Blog: Brad Garmon

Metro Detroit recently landed a $2.85 million Sustainable Communities grant to help the region become more dense and develop its transit options. Brad Garmon, land programs director at the Michigan Environmental Council, offers a free-thinking approach to connecting the historically disparate forces of housing, land use, and eco-consciousness.

Post 4: The New Sustainability

The environmental community I'm proud to be a part of has been focused, at least since Thoreau and John Muir and David Brower, on the notion that fostering individual, intimate connection to the natural world helps us secure a viable ecosystem.

What followed, naturally, was a movement both passionate and noble in its dedication to preserving awesome big places, subtle connections of microscopic creatures, and to human access to the richness and diversity of earth in all its crazy, pungent, unregulated amazingness.

That's incredibly important work. Some of my favorite people are the foresters and the ecologists and the hydrogeologists who work to understand and preserve the mechanisms underlying the world we depend on.

But environmentalism has changed dramatically in recent years, embracing another related scope of work with big implications for the natural world.

Rather than connecting us to nature, this side of environmentalism focuses on connecting us to each other and our communities.

The Sustainable Communities grant program I've been writing about this week brings this shift to the forefront in a big way, focusing on uniting three historically disconnected aspects of community development: transportation, housing and natural resource protection.

Just think for a minute about how those three features intertwine in your own neighborhood, town or region.

Is housing for the elderly close to destinations? Can kids ride their bikes around the neighborhood? How about to school? How would you access eggs or bread or fresh veggies without a car?

In truly thriving regions and communities, there are lots of options for all the above.

There are built-in connections and linkages that provide resiliency and offer multiple ways to get around and connect to the people and places that comprise a fruitful, productive life.

And that, in a nutshell, is the new sustainability. It's environmental sustainability redefined as place-making, as nurturing community interconnections, accessibility and relationships.

As a side benefit in these types of communities you also more often bump into people who surprise, challenge and inspire you – some people you know, many you don't, and many of whom don't think, look or behave like you. That kind of spontaneous interaction is good for the economy and builds resiliency in our communities.

My good friend, Conan Smith, lives in the Old West Side neighborhood within an easy walk of downtown Ann Arbor. He's survived for two years without a car, and he's also woven into the fabric of his community.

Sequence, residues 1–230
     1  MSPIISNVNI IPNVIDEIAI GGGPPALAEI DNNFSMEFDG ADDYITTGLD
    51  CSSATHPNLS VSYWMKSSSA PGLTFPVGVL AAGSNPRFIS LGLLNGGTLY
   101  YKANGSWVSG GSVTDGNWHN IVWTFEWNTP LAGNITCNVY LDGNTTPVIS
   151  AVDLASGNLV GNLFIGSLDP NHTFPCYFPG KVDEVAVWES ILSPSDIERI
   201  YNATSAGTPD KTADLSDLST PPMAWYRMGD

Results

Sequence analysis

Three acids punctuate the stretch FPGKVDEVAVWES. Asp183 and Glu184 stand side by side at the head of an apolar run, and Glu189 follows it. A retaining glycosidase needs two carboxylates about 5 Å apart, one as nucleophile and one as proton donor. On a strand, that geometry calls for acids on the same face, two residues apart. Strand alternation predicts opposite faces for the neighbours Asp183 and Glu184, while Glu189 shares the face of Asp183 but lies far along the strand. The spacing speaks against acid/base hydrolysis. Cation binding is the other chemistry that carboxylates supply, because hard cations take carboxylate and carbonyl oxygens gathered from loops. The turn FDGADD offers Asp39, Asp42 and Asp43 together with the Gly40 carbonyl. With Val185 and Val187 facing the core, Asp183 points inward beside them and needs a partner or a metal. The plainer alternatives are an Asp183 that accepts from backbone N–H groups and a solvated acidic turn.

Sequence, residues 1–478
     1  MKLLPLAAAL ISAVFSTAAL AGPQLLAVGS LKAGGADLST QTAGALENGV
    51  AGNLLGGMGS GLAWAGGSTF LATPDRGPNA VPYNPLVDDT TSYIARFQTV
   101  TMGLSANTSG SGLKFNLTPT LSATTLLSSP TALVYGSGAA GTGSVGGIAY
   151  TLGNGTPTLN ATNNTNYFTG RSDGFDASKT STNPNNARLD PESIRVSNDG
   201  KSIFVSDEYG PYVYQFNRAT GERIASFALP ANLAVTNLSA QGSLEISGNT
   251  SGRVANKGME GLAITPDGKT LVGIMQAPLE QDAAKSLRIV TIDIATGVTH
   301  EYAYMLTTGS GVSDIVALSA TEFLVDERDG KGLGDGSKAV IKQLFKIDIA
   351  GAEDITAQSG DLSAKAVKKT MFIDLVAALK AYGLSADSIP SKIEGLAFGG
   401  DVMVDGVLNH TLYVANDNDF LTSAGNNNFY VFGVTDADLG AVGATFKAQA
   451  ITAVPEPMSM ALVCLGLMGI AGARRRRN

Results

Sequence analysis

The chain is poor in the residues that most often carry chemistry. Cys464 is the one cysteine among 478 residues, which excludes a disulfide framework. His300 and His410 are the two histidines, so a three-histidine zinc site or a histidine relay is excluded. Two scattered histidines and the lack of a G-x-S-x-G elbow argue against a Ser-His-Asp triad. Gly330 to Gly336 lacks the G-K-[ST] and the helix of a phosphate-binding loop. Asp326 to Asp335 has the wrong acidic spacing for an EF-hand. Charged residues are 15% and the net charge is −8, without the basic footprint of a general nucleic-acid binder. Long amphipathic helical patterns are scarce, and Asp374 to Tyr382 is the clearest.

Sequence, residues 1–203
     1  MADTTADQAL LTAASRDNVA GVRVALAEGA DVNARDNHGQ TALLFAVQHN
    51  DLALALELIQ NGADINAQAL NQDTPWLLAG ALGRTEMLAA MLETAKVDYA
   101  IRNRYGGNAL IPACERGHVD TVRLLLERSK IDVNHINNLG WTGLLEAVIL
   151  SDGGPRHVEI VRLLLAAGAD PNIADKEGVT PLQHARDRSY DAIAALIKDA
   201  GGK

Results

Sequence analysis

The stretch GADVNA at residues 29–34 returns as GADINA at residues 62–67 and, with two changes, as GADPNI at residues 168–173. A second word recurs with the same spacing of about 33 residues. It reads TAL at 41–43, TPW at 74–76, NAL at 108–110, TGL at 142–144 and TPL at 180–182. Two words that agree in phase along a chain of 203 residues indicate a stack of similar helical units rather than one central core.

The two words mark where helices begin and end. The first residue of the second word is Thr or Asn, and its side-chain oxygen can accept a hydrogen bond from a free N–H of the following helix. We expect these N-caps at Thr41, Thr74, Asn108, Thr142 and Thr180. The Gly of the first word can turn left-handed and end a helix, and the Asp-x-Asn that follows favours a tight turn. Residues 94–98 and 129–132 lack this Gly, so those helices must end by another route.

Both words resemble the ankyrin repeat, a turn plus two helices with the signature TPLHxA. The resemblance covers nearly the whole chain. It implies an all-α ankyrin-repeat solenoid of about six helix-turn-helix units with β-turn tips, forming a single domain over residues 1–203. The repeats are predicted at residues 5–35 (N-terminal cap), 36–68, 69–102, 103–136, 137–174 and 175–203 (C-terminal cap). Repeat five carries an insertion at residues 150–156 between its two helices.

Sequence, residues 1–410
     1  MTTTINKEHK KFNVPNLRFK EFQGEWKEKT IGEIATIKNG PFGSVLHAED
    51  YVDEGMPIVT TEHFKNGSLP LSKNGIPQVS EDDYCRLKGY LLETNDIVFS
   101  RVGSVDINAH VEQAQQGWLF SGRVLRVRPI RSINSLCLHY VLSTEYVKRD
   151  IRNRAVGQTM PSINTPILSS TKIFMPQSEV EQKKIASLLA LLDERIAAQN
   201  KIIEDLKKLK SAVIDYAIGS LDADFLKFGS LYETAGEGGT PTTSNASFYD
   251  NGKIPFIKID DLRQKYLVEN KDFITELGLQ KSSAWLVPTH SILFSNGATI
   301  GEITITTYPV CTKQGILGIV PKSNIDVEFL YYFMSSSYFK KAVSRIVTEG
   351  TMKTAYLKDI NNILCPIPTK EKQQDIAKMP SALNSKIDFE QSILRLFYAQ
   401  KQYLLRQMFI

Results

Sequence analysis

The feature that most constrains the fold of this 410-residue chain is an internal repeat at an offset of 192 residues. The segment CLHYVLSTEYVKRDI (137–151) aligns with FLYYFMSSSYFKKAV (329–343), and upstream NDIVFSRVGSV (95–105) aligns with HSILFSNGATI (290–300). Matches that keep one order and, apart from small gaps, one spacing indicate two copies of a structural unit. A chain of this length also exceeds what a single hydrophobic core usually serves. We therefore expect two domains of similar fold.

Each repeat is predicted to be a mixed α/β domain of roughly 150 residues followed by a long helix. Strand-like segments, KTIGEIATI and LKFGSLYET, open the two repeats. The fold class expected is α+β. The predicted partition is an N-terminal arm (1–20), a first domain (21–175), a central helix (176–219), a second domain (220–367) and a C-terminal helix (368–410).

It's impossible to walk down the street with him if you're in a hurry, because he's bound to run into at least five people who want to chat – about work, about life, about the community.

His days, I would contend, are made richer and more productive and less fossil-fuel dependent simply because he lives in a place where – due to human-scale community design and higher residential density – spontaneous interaction is the norm rather than the exception.

The federal Partnership for Sustainable Communities defines sustainability by focusing on Six Livability Principles. They are the heart and soul of the program, and therefore central to the regional planning initiative the SEMCOG will be undertaking in Metro Detroit.
These sustainability principles are about more than environmental improvement. Places that embrace them are also more economically resilient.

Shelley Poticha, who directs the Office of Sustainable Housing and Communities at HUD in Washington, D.C., put it like this in an interview with Builder Magazine earlier this year: "When you look at the regions that are really embracing walkability, investing in transit, and thinking about natural resources protection, these are the regions that are weathering the downturn best."

"Denver is a good example," she says. "Yes, they took a hit, but most of the housing foreclosures are out at the periphery in "drive to qualify" neighborhoods. The city center and suburban centers around the region that have focused on place-making are still doing well – places like LoDo, the Denver Tech Center, Boulder, Broomfield, and similar towns."

In other words, the places that work well in sustainability terms – less driving is required to handle daily tasks – are also places that facilitate business connections, promote economic interactions and stabilize property values.

There are places in Metro Detroit where all of this happens right now. But we need more of them. Lots more.

And the new regional Sustainable Communities grant can help us identify and prioritize these places and projects, and build the partnerships that make them happen.